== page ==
String-related: Supreme found a newly posted 2-part lecture by Witten, 50 minutes plus 90 minutes.Skeptics' concerns
The uninterested folks ask the obvious skeptical questions: Can these results be generalized to all of classes of quantum gravity vacua? And can these sketches of proofs be made rigorous?
They're of course legitimate questions – and the physicists working on these ideas are surely trying to be more rigorous and more general than ever before – but these questions are tendentious, too. Even if the proofs of string theory's uniqueness only cover some classes of (unrealistic) vacua of quantum gravity, they still contain some information. Why?
First, I think that it seems rather awkward to believe that in several very different classes of vacua of quantum gravity, string theory is the only consistent description, while in other classes not yet studied, the conclusion will be very different. But of course, it's always possible that your results simply do not generalize. But imagine that you prove that a game is the only game in Boston, Beijing, and San Francisco. Will you think that there are completely different games in Moscow? Well, you will tend to think that the answer is No, I guess. What about Las Vegas? Maybe there are different games there – but it would still be strange that not a single one among these games may be found in the 3 cities above. So a proof in "seemingly random" towns or subsets of the vacua is always nontrivial evidence increasing the odds that the statement holds in general – or at least, that the statement holds in the other random "town" which happens to be relevant for our observations.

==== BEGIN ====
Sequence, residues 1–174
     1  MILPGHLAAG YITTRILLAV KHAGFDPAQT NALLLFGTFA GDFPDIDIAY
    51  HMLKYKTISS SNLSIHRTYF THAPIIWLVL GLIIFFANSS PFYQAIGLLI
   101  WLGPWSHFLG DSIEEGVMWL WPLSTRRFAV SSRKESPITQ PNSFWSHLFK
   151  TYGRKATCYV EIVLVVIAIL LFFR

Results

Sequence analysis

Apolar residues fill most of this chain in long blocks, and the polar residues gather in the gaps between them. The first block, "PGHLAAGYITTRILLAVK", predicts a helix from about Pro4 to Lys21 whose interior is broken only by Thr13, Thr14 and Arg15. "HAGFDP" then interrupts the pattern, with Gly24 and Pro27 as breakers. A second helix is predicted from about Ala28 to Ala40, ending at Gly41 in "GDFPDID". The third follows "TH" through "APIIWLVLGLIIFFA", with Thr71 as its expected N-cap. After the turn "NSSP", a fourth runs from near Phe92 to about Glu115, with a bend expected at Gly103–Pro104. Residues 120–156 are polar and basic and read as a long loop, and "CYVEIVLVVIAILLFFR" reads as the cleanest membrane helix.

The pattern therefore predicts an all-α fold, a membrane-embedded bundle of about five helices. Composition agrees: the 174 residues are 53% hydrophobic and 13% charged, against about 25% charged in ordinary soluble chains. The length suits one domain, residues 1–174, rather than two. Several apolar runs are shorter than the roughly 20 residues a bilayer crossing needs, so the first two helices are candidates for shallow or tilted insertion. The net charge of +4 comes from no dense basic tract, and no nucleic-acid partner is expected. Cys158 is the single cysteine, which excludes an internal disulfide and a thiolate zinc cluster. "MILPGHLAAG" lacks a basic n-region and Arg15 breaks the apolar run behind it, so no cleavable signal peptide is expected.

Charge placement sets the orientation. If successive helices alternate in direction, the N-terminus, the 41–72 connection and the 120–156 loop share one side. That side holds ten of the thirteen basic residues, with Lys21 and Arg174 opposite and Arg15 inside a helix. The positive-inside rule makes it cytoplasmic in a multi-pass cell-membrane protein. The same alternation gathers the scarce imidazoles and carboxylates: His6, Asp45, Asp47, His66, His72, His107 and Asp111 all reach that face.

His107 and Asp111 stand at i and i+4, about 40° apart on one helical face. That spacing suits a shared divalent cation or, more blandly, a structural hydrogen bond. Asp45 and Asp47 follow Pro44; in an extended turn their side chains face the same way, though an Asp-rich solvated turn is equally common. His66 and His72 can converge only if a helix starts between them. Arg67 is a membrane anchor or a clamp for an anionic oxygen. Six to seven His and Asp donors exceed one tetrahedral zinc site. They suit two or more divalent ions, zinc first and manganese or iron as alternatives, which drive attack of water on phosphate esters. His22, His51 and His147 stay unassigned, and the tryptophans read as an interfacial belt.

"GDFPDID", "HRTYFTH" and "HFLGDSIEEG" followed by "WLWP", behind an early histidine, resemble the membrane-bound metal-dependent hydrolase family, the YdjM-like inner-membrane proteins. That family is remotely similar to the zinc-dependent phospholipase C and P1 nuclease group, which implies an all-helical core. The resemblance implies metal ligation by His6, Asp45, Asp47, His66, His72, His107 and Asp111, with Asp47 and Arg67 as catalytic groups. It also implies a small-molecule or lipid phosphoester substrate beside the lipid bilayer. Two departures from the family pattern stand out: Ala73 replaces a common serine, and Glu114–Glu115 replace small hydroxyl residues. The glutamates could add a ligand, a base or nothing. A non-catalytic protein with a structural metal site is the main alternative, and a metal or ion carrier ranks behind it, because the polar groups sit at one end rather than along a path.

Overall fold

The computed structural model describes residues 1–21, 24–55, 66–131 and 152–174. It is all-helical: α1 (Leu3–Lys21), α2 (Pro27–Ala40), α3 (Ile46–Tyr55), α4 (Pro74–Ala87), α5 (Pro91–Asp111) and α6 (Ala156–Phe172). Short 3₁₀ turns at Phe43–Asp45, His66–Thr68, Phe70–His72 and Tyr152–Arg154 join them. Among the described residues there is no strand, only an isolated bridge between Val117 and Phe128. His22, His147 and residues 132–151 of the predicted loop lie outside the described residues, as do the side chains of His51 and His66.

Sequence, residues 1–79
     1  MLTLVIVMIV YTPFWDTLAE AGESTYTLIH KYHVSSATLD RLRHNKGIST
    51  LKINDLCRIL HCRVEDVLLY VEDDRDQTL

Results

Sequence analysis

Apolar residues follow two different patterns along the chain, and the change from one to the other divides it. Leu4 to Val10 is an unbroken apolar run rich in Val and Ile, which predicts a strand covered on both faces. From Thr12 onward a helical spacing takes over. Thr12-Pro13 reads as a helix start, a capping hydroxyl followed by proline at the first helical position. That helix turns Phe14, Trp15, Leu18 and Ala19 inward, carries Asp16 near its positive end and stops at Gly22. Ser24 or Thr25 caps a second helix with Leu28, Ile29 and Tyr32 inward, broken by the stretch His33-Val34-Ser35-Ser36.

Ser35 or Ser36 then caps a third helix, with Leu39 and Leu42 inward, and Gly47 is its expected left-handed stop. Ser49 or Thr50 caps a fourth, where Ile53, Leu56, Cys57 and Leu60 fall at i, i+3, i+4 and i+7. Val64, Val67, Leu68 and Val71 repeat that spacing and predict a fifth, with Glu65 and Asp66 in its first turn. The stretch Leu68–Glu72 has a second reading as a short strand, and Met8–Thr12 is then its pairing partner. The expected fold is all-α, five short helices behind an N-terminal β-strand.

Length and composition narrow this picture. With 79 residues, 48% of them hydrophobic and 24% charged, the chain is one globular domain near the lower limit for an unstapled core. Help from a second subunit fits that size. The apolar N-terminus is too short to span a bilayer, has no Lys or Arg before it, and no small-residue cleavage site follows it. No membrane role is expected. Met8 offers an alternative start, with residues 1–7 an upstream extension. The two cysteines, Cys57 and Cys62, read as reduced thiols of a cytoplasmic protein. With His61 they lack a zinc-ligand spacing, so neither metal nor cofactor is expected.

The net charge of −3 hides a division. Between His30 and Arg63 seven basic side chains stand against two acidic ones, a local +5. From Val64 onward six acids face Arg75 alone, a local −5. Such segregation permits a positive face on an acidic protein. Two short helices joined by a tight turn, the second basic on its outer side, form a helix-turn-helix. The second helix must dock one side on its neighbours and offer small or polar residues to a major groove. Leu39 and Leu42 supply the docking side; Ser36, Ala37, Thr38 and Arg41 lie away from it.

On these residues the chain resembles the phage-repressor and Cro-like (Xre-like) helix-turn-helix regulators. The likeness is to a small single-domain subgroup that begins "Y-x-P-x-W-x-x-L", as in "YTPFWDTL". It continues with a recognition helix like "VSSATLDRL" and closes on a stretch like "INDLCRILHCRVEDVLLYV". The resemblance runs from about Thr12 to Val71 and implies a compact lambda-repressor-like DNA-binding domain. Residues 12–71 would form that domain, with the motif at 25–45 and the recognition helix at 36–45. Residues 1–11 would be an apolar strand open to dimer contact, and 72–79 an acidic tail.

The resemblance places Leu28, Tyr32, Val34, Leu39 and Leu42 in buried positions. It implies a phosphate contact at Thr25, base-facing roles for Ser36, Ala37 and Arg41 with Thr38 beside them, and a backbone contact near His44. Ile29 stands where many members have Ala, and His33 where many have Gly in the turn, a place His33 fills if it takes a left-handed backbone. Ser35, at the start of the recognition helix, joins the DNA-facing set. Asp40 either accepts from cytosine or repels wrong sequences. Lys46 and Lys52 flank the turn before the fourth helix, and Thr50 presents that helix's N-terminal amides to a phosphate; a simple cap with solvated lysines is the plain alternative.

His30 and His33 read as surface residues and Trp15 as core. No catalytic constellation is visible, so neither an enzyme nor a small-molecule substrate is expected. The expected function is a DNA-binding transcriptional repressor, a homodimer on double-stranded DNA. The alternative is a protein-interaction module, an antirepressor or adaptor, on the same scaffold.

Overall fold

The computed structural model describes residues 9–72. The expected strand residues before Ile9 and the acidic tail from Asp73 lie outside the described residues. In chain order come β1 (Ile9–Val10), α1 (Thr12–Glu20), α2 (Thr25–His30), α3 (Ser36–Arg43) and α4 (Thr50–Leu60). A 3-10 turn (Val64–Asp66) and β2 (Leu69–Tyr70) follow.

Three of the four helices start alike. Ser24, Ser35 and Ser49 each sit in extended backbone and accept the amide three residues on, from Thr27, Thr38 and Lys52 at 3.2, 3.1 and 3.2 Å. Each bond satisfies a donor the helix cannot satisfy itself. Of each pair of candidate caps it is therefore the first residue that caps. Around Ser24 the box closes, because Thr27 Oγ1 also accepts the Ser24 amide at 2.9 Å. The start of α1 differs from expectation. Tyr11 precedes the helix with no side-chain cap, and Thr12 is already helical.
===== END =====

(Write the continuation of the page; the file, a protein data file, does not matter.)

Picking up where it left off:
(By the way, Wolchover's term "fake Universes" for the "other towns" is perhaps making them sound more funny and unreal than they are. If string theory is right, these other vacua are as genuine as other towns where you just don't happen to live.)
Second, while the proofs that "the consistent theory must be string/M-theory" are not rigorous at this moment (they cannot be because we can't even define string/M-theory in way that a mathematician could call rigorous, and the same comment mostly applies to the phrase "quantum gravity", too), one "subset" of the results is much more rocksolid, and it's the elimination of specific enough candidate alternatives.